Solomon’s Political Organization

E. M. Bounds says in his classic book, The Power of Prayer: “Men are God’s method. The Church is looking for better methods; God is looking for better men...What the Church needs today is not more machinery or better, not new organizations or more and novel methods, but men … More


This chapter demonstrates the wisdom God gave Solomon to fulfill his administrative leadership of Israel. The kingdom was divided into twelve districts and each was governed by an overseer.  Solomon appointed 11 chief officials over his government. Three men, (v. 1) Azeriah, (v. 2) Zodok, and (v. 3) Abiathar were priests. Elihoreph (v. 4) and Ahijah (v. 5) were scribes or secretaries. This was a very important position as the scribes prepared royal edicts that affected trade, commerce and military alliances.


Jehosaphat was the recorder who kept all the important records of the daily affairs in the kingdom (v. 6). He had held this same position in David’s kingdom (II Sam. 8:16). Benoiah was commander in chief of the army (v. 7). He commanded both prestige and power. In the process he demonstrated unflinching power to the king. Two men are listed as sons of Nathan. One was Azariah (v. 8, who was in charge of the 12 district officers. The other, (v. 9) Zabud swerved as the King’s personal advisor.


Ahishar was in charge of the palace, perhaps overseeing the other servants and workers (v. 10).  Adoniram supervised the forced labor who were the non-Israelites living in Israel and compelled to work for the king (v. 11) (5:13, 14). Solomon made each of the 12 district governors responsible to supply provisions for his royal household and for his thousands of horses(v. 28). Each territory was responsible for provisions for one month and then they rotated. This obligation was staggering as Solomon’s provision for one day was 195 bushels of fine flour and 390 bushels of meal, 10 fat oxen, 20 pasture-fed oxen, 100 sheep and other deer and fattened fowl (I Kings 4:22-23).



Solomon was very organized as a ruler and delegated responsibilities to 12 district governors. God is not the author of confusion so I need to be organized in my life and the things I do.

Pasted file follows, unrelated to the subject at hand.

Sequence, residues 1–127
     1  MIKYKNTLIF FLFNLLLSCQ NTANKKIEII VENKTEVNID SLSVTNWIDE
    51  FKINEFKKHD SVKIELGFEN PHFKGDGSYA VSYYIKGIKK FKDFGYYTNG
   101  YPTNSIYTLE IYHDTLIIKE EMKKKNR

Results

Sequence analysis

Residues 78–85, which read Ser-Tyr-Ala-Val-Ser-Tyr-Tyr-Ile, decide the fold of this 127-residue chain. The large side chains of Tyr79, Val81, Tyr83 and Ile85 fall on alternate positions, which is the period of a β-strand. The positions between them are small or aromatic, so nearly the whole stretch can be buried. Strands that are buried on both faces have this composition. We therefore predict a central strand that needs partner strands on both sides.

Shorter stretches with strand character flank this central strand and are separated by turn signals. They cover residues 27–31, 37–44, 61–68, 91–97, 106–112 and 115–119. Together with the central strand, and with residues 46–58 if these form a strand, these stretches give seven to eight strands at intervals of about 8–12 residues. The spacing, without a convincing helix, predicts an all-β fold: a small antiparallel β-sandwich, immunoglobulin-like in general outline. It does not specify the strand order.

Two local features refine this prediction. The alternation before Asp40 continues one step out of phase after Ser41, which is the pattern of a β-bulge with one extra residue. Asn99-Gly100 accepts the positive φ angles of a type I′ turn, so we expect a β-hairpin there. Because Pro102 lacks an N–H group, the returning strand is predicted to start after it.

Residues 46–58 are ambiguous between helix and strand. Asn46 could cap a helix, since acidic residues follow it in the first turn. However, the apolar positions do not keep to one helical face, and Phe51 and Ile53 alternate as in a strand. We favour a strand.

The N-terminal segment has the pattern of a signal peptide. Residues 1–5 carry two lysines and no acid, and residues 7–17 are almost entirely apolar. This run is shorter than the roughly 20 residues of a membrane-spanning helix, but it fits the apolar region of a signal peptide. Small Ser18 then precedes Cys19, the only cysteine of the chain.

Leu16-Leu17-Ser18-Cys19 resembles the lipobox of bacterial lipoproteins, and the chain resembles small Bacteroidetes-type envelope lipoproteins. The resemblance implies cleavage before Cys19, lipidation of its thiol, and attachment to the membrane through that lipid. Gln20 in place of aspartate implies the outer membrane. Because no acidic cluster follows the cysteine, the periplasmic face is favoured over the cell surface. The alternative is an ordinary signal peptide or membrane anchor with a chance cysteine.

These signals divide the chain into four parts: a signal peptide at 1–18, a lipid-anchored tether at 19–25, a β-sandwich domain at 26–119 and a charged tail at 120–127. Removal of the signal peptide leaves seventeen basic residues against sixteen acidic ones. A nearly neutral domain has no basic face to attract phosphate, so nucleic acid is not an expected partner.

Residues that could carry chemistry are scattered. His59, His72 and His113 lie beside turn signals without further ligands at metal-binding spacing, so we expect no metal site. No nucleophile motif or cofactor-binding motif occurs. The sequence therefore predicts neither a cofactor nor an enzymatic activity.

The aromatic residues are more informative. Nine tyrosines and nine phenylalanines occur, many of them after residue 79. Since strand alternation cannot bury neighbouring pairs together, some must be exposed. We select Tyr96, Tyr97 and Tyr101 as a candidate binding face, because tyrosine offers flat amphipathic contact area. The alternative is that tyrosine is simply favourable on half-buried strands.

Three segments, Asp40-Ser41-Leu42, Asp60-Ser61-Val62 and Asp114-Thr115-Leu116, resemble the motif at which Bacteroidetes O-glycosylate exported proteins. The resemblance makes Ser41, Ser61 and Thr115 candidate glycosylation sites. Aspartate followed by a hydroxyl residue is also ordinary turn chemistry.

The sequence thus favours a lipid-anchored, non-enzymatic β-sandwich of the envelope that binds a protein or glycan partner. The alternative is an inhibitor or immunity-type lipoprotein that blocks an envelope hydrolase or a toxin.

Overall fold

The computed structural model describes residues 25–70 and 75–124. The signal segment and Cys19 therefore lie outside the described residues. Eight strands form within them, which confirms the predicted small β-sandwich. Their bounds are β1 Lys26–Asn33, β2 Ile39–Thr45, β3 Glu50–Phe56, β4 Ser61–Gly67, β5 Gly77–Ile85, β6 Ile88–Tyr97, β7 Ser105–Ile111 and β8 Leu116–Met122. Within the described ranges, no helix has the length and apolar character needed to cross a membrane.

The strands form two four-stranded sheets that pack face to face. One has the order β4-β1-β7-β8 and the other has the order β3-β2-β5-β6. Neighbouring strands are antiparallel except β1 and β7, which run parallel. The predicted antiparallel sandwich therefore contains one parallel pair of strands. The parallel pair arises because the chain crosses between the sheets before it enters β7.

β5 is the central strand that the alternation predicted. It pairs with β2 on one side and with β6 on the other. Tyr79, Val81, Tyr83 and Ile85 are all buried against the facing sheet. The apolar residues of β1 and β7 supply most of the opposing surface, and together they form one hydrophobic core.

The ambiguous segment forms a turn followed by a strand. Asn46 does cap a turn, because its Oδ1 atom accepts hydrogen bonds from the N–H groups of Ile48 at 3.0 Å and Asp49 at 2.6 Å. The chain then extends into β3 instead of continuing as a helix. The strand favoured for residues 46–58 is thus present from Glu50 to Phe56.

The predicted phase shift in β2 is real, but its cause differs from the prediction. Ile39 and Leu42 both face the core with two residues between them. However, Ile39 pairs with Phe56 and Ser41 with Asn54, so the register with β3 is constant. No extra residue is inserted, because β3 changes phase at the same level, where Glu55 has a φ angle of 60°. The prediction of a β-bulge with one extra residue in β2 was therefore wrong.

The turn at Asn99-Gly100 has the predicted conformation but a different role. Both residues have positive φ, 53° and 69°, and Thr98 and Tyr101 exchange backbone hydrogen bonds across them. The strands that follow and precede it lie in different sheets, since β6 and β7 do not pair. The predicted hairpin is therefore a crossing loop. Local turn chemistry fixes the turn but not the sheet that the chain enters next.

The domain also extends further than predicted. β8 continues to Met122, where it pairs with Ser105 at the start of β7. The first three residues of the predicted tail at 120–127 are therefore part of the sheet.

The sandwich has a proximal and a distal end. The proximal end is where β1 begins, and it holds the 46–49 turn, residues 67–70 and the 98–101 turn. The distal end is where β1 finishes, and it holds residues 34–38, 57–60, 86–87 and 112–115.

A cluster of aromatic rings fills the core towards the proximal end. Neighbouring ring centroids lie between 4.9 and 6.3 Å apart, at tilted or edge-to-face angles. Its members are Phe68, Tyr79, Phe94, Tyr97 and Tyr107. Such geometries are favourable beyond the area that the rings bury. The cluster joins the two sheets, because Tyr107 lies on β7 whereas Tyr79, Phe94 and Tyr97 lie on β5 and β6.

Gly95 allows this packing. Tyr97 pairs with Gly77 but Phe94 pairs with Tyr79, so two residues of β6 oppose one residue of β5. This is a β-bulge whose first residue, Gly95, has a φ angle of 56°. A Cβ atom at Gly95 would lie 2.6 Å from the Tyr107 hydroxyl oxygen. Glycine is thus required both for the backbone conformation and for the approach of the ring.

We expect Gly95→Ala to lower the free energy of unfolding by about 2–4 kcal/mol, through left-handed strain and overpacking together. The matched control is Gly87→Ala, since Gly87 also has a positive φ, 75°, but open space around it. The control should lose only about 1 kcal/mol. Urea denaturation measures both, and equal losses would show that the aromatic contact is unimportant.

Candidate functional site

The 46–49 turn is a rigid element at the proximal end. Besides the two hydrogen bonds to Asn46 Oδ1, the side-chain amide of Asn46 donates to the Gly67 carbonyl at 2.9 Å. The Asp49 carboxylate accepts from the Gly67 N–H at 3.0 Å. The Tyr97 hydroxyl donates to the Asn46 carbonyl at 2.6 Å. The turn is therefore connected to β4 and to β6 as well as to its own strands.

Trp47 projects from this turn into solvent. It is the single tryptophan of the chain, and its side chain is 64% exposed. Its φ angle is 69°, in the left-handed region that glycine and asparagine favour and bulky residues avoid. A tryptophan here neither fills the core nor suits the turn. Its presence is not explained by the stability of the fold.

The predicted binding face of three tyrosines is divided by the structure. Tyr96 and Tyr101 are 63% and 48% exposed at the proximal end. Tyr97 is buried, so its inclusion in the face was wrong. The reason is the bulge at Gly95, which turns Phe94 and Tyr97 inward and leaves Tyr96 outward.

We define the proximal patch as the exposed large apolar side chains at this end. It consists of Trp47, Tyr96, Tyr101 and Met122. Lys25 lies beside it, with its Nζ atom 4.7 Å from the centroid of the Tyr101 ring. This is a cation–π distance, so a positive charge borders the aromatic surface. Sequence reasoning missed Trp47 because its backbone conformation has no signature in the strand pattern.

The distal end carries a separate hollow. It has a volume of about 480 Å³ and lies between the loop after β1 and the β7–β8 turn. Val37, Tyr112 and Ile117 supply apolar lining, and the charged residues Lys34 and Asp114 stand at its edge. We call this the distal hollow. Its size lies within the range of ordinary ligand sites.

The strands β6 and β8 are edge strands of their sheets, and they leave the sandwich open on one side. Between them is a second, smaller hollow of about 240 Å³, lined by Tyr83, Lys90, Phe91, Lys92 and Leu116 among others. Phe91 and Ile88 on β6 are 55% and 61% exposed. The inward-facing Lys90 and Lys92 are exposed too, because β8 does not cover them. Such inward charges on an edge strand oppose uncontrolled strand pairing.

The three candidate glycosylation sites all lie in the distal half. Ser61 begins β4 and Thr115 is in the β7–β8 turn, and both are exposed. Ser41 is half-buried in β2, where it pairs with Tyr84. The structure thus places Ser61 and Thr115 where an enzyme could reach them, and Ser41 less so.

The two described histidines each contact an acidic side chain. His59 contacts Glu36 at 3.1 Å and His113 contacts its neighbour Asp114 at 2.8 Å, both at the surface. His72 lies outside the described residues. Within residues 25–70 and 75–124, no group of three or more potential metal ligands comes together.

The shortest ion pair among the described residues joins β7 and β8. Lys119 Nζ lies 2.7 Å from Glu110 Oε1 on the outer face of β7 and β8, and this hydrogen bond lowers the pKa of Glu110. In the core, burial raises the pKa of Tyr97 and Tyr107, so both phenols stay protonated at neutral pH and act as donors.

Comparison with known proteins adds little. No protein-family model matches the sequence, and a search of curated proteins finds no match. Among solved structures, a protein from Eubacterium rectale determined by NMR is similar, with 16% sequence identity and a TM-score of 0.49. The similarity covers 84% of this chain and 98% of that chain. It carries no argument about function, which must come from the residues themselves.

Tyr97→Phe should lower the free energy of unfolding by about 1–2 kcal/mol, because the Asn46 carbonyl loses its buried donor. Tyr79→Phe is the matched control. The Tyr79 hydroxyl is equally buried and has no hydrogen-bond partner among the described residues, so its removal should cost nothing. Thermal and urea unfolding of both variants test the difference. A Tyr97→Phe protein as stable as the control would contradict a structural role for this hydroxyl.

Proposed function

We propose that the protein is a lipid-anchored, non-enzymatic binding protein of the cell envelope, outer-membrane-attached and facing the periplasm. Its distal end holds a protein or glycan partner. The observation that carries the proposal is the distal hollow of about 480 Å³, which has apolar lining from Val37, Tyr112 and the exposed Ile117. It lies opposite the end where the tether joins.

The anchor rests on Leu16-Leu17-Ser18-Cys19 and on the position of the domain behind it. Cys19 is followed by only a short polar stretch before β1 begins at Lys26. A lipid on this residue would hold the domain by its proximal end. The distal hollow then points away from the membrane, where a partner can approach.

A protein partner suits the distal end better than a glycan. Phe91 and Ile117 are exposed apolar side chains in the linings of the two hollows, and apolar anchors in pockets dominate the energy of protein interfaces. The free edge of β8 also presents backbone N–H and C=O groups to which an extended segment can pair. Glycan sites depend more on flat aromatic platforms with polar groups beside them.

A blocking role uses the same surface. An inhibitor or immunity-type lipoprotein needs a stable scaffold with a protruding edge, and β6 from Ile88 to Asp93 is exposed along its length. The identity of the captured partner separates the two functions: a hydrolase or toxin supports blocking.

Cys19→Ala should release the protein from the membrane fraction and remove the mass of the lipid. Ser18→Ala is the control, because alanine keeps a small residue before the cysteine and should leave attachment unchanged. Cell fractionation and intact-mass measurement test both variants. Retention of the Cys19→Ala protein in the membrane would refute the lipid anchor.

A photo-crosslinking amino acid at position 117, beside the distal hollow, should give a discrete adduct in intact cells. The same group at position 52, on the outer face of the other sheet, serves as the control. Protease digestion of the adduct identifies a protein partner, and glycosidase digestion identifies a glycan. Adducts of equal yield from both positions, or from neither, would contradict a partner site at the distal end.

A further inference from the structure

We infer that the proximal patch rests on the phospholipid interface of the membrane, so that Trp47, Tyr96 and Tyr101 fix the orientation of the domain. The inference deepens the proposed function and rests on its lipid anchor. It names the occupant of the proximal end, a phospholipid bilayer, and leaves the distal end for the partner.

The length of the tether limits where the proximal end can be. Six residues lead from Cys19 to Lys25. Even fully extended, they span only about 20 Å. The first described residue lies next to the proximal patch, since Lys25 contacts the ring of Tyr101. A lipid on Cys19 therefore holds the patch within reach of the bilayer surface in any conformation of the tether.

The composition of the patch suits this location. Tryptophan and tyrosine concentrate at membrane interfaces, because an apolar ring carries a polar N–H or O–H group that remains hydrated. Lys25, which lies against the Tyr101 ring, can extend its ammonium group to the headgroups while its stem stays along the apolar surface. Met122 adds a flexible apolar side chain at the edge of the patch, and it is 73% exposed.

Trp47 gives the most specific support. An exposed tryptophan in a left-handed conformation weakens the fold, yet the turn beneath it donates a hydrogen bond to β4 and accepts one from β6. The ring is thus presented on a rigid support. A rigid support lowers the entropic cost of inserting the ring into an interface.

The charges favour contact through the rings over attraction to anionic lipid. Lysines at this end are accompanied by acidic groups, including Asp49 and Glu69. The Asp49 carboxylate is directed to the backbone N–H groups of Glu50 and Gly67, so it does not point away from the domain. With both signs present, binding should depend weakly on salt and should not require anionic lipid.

I Kings 4:1-19 (English Standard Version)

King Solomon was king over all Israel, and these were his high officials: Azariah the son of Zadok was the priest; Elihoreph and Ahijah the sons of Shisha were secretaries; Jehoshaphat the son of Ahilud was recorder; Benaiah the son of Jehoiada was in command of the army; Zadok and Abiathar were priests; Azariah the son of Nathan was over the officers; Zabud the son of Nathan was priest and king's friend; Ahishar was in charge of the palace; and Adoniram the son of Abda was in charge of the forced labor. Solomon had twelve officers over all Israel, who provided food for the king and his household. Each man had to make provision for one month in the year. These were their names: Ben-hur, in the hill country of Ephraim; Ben-deker, in Makaz, Shaalbim, Beth-shemesh, and Elonbeth-hanan; Ben-hesed, in Arubboth (to him belonged Socoh and all the land of Hepher); Ben-abinadab, in all Naphath-dor (he had Taphath the daughter of Solomon as his wife); Baana the son of Ahilud, in Taanach, Megiddo, and all Beth-shean that is beside Zarethan below Jezreel, and from Beth-shean to Abel-meholah, as far as the other side of Jokmeam; Ben-geber, in Ramoth-gilead (he had the villages of Jair the son of Manasseh, which are in Gilead, and he had the region of Argob, which is in Bashan, sixty great cities with walls and bronze bars); Ahinadab the son of Iddo, in Mahanaim; Ahimaaz, in Naphtali (he had taken Basemath the daughter of Solomon as his wife); Baana the son of Hushai, in Asher and Bealoth; Jehoshaphat the son of Paruah, in Issachar; Shimei the son of Ela, in Benjamin; Geber the son of Uri, in the land of Gilead, the country of Sihon king of the Amorites and of Og king of Bashan. And there was one governor who was over the land.

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